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Broncos Notebook: Vance Joseph open for change after Denver's first loss

Zac Stevens Avatar
September 25, 2018

ENGLEWOOD, Colo. — There’s a belief that entities learn more about themselves in bad times rather than good times.

On Monday, that held true with the Denver Broncos.

A day after suffering their first loss of the 2018 season, head coach Vance Joseph was candid about his team.

Here’s what the head coach divulged.


Against the Baltimore Ravens, the Broncos racked up a massive 13 penalties for 120 yards. Despite Baltimore having roughly half the penalties as Denver — and an outcry from fans, players and media — Joseph thought, for the most part, the officials were correct on Sunday.

“Most of [the penalties], it was good calls,” Joseph said on Monday.

On the two most controversial penalties in the game, the head coach not only didn’t dispute them, he agreed with them.

“It was on [Domata] Peko,” Joseph said, explaining the block-in-the-back penalty that negated Chris Harris Jr.’s touchdown after Justin Simmons’ blocked field goal. “Peko had his hands on his back, even though it was 20 yards behind the play, it was called very late, but he had his hands on his back, so we have to own it. That’s what they saw, that’s what they called and really, when I watched the tape, it was a good call.”

On Monday, Peko said Bradley Bozeman, the offensive lineman who he pushed on the play, deserved an Oscar for his acting performance.

The other controversial penalty was Phillip Lindsay being ejected for “throwing a punch,” as the officials called it, as he was on the ground attempting to recover a fumble.

“I couldn’t see if he threw a punch or not, but I saw him dive into the pile, which is illegal, so he can’t do it,” Joseph admitted. “It was three guys who dove into the pile — it was [Marlon] Humphrey’s for them, he was the first guy, then [Ron] Leary dove into the pile then Phillip dove into the pile.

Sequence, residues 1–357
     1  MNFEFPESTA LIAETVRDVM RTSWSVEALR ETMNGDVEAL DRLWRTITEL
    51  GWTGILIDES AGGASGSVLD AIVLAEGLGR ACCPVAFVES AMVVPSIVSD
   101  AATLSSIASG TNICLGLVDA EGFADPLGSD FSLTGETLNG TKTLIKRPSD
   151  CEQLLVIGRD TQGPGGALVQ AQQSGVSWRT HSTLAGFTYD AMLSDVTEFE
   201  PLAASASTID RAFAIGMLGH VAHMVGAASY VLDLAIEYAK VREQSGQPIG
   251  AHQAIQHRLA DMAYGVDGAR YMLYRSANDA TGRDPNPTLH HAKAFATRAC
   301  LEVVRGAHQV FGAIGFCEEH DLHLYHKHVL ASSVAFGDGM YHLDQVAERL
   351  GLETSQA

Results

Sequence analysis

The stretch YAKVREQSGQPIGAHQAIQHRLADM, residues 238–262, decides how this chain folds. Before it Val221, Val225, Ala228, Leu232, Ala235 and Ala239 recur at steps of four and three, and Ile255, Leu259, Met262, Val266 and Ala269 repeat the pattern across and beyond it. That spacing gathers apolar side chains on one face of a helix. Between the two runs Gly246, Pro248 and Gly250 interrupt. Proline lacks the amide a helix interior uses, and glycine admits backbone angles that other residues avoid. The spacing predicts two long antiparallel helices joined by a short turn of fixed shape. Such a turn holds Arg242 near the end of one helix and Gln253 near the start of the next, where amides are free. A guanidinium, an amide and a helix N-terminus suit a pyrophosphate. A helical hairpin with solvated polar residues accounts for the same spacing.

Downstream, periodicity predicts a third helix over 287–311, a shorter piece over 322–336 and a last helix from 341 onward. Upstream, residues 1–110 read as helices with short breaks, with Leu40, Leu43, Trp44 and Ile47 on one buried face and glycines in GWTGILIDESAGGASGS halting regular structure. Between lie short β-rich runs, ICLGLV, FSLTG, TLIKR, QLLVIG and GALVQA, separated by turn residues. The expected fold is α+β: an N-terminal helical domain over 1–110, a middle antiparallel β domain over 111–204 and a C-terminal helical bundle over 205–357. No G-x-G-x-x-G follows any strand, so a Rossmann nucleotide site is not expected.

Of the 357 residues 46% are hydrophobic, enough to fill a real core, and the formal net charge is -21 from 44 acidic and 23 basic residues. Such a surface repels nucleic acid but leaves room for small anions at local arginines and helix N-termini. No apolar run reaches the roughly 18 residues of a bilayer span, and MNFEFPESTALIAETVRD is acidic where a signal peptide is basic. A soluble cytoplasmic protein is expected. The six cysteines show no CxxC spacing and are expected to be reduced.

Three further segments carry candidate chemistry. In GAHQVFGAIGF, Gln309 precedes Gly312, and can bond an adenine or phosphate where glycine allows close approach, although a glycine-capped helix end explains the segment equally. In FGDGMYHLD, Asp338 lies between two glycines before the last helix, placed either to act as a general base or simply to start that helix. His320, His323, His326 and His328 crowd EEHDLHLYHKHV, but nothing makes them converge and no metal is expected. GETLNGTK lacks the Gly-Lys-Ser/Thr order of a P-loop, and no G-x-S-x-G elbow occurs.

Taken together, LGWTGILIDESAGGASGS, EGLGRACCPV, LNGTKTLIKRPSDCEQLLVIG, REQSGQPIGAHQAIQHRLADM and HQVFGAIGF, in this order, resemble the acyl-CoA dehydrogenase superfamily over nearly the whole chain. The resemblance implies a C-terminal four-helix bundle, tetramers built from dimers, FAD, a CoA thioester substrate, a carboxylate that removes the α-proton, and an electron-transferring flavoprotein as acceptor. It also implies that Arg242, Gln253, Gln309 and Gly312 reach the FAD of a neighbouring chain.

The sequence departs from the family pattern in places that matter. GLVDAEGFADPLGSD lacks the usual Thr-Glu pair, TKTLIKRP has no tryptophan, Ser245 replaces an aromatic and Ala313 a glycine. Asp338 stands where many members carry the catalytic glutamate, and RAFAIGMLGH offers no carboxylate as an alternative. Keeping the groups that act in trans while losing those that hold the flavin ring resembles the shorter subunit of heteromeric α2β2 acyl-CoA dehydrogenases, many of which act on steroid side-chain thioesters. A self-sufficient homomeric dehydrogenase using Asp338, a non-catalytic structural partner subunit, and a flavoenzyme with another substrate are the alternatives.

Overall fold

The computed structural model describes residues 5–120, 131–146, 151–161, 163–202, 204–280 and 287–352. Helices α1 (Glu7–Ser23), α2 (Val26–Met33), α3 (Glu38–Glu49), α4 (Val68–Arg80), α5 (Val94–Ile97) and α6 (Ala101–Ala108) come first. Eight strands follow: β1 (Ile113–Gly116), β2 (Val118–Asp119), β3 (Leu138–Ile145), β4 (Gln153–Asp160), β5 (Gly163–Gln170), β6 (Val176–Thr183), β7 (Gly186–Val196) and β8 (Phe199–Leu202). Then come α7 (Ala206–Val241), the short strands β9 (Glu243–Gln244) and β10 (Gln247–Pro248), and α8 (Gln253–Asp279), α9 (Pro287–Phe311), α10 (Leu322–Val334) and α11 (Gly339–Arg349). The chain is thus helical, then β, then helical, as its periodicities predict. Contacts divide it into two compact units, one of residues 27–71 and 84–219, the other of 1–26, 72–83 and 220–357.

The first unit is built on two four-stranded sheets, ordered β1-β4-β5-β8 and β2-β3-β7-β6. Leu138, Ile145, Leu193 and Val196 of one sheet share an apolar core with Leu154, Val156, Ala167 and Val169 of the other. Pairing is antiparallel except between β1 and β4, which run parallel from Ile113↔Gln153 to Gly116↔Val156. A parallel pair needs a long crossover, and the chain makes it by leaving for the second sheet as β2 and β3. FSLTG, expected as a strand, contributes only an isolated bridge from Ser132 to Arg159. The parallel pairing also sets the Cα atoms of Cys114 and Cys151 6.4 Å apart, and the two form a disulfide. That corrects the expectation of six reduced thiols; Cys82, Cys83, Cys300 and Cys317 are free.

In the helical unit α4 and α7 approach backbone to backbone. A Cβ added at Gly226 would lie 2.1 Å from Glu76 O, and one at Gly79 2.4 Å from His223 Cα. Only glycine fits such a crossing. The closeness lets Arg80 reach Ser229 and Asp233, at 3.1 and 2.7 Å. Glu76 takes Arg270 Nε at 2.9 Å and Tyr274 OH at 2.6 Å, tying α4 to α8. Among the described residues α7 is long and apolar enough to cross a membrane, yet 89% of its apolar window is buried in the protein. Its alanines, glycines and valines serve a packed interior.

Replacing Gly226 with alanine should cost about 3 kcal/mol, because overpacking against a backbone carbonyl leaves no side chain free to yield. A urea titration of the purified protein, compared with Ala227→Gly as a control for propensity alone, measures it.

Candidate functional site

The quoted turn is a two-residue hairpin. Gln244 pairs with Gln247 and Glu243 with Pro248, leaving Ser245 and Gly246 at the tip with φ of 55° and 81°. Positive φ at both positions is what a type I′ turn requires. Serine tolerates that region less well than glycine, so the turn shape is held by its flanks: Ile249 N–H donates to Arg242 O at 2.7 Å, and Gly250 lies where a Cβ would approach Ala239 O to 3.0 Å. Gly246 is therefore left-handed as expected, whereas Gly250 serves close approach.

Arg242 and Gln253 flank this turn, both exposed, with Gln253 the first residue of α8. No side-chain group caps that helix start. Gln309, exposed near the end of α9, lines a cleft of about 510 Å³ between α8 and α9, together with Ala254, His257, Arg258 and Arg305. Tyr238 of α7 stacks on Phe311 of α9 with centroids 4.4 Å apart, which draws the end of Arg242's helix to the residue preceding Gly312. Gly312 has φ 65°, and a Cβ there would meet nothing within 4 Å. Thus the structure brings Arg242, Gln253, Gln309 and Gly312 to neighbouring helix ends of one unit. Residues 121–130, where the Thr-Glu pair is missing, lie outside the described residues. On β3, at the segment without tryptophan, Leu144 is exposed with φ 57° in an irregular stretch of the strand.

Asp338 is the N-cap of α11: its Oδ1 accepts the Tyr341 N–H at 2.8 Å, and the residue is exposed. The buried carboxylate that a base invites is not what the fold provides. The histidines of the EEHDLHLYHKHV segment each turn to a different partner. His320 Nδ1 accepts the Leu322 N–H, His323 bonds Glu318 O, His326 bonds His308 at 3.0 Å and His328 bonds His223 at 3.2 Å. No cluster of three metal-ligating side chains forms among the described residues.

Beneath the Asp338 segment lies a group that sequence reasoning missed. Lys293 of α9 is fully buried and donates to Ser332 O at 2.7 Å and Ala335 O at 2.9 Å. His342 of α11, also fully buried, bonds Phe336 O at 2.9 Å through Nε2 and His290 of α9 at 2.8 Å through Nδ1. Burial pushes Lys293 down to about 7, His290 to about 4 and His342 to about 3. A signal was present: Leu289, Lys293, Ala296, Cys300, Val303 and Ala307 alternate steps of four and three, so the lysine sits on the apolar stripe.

“So it should have been three penalties on all three of those guys, but that’s against the rules. I didn’t see a punch being thrown, I couldn’t tell if a punch was thrown. He said he didn’t throw a punch.”

In front of the media, as well as in the team meetings, Joseph emphasized that his team can’t blame the absurd number of penalties on the officials.

“We have to own the penalties. We can’t talk around the penalties, we have to own them. They called them, so we have to own them,” he said, leaving no wiggle room for excuses. “We had four holding calls that pushed us out of scoring range… We left probably 20 points on the field.”


Through three games, Case Keenum’s 71.6 passer rating is the fourth-worst in the league. The three other quarterbacks that have a worse passer rating than him either started the season as a backup (Blaine Gabbert) or have been benched for rookies (Tyrod Taylor and Sam Bradford).

Despite that, Joseph doesn’t have any concern with Keenum moving forward.

“This is Case’s first time being the guy out of the gate. I think Case is going to play better and better with time,” the head coach said, backing his quarterback. “He missed practice on Wednesday this week, that could have affected how fast he played with the ball. But I am not concerned.

Keenum’s now had two-straight games in which he’s thrown more interceptions than touchdowns and has three touchdowns to five interceptions on the season.

Despite that, he’s not going anywhere anytime soon.

“He does so many good things during the game, it keeps you hopeful he’s going to play better and better as we go along,” Joseph said. “That’s a tough defense to prepare for. They gave us some different looks that we weren’t prepared for, and we adjusted, obviously. He didn’t play perfect, but he didn’t play bad, either.”


For a third-straight week to open the season, defensive coordinator Joe Woods’ unit allowed an opposing quarterback to throw for more than 275 yards against his defense.

“The passing game obviously gave us problems,” Joseph said Monday after Joe Flacco threw for 277 yards. “We got to challenge more at the corner position and make more plays. If teams want to throw the ball that quick, we have to play closer in coverage and make some plays early that way our pass rush can get there.

Joseph admitted there was a “blueprint” on how to beat Denver’s pass defense.